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Spurs In Danger Of Falling Away

Wednesday 14th March 2012
With one swish of Thomas Vermalen's right foot in the dying minutes at the Emirates, the Champions League race turnaround was complete. The gap between the North London rivals evaporated to a single point, putting Arsenal in the ascendancy with Tottenham looking nervously over their shoulder.

Their current form of three straight defeats has seen Spurs look a shade of the team they have been for much of the season. Their usual verve, pace and meticulous passing game has been undone by some bewildering tactics and disjointed performances, that has upset the consistency of the team.

Back in January the table showed Tottenham 10 points in front of Arsenal, having lost only two games since the opening fixtures of the season, when they were outclassed by Manchester's top dogs. Since then Tottenham's form has slipped, while Arsenal have gone from strength to strength after their San Siro humiliation, winning five games on the spin including a 5-2 victory over their fiercest enemies.

Harry Redknapp, full of confidence going into the North London derby after the demolition of Newcastle, took the gamble to play an attack-minded team wat the Emirates. He utilised both Emmanuel Adebayor and Louis Saha in attack, with Gareth Bale and Niko Kranjcar out wide, in attempt to push Arsenal back towards their own goal and try to nullify their own attacking intent.

For 20 minutes or so it worked; Saha got a goal, Luka Modric and Bale saw plenty of the ball, and Adebayor made a nuisance of himself. But with such attacking intent, the midfield got horribly overrun, with Scott Parker struggling to keep the ship from sinking. Despite a half-time change which saw the introduction of Sandro and Rafael van der Vaart, who both should have started, the game continued in the same vain and Spurs failed to cope with Arsenal's fluency and energy.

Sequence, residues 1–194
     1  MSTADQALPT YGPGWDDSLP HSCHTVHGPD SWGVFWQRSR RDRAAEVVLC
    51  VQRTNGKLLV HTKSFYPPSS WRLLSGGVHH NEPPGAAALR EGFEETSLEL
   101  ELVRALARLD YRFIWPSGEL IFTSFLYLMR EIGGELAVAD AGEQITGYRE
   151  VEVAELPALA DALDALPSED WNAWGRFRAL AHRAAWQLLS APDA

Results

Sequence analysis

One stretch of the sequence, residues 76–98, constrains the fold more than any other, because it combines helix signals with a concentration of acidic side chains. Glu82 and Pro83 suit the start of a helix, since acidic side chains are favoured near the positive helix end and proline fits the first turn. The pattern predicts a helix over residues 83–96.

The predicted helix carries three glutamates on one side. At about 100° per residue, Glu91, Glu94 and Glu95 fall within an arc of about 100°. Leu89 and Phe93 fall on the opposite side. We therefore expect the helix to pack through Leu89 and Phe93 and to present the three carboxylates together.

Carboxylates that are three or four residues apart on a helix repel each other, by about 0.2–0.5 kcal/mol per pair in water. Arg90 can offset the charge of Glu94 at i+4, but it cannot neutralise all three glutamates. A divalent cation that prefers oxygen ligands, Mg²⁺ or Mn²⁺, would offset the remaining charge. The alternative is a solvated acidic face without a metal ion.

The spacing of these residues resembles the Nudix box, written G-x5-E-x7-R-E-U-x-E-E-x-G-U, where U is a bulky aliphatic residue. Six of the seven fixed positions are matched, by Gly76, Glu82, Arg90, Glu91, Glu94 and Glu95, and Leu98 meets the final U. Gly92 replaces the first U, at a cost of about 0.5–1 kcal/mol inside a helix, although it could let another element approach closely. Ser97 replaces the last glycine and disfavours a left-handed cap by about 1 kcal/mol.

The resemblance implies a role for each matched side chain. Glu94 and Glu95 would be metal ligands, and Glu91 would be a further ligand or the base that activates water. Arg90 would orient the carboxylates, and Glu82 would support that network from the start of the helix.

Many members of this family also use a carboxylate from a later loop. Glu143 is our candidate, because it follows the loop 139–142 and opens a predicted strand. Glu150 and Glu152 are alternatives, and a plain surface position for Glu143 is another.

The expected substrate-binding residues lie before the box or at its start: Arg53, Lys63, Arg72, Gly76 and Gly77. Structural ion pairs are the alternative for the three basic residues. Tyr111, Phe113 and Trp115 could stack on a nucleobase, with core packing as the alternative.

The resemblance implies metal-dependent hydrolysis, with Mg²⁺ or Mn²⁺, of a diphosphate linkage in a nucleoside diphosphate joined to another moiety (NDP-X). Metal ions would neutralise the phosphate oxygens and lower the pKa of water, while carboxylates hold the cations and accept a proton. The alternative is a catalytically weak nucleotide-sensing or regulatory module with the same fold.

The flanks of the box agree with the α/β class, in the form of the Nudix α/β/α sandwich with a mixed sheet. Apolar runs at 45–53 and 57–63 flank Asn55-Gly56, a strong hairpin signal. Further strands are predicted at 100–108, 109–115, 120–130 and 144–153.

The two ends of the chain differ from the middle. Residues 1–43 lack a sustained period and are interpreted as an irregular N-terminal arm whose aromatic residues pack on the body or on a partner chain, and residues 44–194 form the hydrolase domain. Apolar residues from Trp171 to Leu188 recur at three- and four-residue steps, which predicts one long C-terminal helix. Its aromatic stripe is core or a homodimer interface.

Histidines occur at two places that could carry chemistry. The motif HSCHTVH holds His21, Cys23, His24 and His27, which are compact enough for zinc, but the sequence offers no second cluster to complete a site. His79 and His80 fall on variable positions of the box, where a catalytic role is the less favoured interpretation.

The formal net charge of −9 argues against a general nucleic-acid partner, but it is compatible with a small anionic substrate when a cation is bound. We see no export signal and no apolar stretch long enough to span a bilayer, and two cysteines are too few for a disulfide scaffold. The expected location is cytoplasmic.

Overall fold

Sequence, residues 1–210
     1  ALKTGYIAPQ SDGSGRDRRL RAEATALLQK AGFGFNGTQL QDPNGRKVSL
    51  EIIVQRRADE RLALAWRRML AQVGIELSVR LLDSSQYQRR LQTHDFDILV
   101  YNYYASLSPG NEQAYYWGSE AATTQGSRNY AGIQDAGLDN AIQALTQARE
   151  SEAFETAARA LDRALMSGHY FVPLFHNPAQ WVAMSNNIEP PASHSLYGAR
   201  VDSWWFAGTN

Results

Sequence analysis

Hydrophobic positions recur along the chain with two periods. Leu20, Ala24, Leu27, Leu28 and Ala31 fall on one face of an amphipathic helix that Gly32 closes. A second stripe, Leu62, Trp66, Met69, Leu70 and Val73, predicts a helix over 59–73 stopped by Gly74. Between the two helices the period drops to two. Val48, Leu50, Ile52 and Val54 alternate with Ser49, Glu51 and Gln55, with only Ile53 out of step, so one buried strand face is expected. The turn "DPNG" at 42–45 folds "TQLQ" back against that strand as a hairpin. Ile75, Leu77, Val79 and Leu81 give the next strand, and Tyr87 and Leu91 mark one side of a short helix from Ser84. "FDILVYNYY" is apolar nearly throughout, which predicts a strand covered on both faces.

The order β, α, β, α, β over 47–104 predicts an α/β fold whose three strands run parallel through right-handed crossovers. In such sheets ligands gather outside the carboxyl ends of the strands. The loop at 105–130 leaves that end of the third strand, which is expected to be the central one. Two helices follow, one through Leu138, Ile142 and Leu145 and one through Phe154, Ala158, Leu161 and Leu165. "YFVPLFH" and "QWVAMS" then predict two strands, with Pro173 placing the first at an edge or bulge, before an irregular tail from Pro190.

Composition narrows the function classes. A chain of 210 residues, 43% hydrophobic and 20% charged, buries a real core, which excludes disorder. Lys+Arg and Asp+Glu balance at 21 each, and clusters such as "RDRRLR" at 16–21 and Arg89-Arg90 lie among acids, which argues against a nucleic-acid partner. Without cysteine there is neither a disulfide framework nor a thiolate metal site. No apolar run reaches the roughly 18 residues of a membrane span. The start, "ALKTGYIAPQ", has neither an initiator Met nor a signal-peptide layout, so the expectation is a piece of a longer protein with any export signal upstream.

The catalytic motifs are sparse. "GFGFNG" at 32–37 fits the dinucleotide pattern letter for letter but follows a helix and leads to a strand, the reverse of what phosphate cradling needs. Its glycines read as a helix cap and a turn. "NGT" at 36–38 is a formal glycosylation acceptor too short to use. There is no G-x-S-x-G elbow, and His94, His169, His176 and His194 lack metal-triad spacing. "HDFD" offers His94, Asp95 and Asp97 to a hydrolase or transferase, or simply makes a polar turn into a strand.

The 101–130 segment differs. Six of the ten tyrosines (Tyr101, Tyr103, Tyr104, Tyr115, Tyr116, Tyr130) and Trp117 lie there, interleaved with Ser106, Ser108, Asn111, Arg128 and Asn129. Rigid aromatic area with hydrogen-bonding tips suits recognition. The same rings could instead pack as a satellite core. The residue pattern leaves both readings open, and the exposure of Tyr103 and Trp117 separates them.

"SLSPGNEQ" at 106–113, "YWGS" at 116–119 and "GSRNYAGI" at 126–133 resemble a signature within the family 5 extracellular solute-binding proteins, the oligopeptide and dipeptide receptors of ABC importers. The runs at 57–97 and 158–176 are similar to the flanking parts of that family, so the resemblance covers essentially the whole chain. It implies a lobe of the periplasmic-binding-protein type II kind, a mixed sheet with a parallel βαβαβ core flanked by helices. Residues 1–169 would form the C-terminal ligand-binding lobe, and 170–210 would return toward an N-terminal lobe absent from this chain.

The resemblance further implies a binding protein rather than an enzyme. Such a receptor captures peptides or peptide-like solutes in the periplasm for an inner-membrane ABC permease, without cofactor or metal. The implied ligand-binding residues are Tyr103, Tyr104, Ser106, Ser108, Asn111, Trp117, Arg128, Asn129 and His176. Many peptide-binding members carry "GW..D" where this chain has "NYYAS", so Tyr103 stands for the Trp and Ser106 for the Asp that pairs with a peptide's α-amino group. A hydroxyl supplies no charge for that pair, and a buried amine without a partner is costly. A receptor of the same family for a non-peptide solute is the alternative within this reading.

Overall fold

More worrying than the result was that for the first time this season the old Spurs habits began to creep back into the team. Benoit Assou-Ekotto and Younes Kaboul showed the panicky clearances and thoughtless passing in front of their own goal that made the Spurs faithful so nervous back when they first signed for the club. Kyle Walker, so impressive in the first half of the season, continued to try to play his way out of trouble from right-back and skipper Ledley King's lack of pace and general fitness levels again became a genuine concern. The result: a marauding, relentless attacking display from Arsenal, which managed to not only embarrass a Spurs team who had been talked up in the “North London Power Shift”, but play the kind of football that had Spurs talked about as title contenders.

Then against Man United, Spurs continued in the same vain tactics, playing 4-4-2 but without Bale and Parker. Modric was out of position and unable to stamp any authority on the game and the side was always going to struggle against a United team almost back to full strength. Spurs performed admirably enough, with the impressive midfield pairing of Sandro and Jake Livermore brilliant in nullifying Carrick and Scholes in midfield, but we lacked United's class and were undone by defensive mistakes.